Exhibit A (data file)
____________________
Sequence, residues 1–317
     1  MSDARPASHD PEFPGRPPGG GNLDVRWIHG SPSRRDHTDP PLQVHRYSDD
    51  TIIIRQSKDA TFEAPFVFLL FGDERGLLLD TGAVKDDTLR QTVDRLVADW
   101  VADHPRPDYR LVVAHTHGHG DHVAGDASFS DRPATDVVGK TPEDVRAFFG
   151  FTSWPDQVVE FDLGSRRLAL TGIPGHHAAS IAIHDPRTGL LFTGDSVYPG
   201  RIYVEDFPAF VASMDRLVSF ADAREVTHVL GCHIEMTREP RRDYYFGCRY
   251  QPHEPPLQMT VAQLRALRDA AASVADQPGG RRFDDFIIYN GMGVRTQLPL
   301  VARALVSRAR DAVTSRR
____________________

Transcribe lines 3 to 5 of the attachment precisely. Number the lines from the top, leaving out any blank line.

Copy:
    51  TIIIRQSKDA TFEAPFVFLL FGDERGLLLD TGAVKDDTLR QTVDRLVADW
   101  VADHPRPDYR LVVAHTHGHG DHVAGDASFS DRPATDVVGK TPEDVRAFFG
   151  FTSWPDQVVE FDLGSRRLAL TGIPGHHAAS IAIHDPRTGL LFTGDSVYPG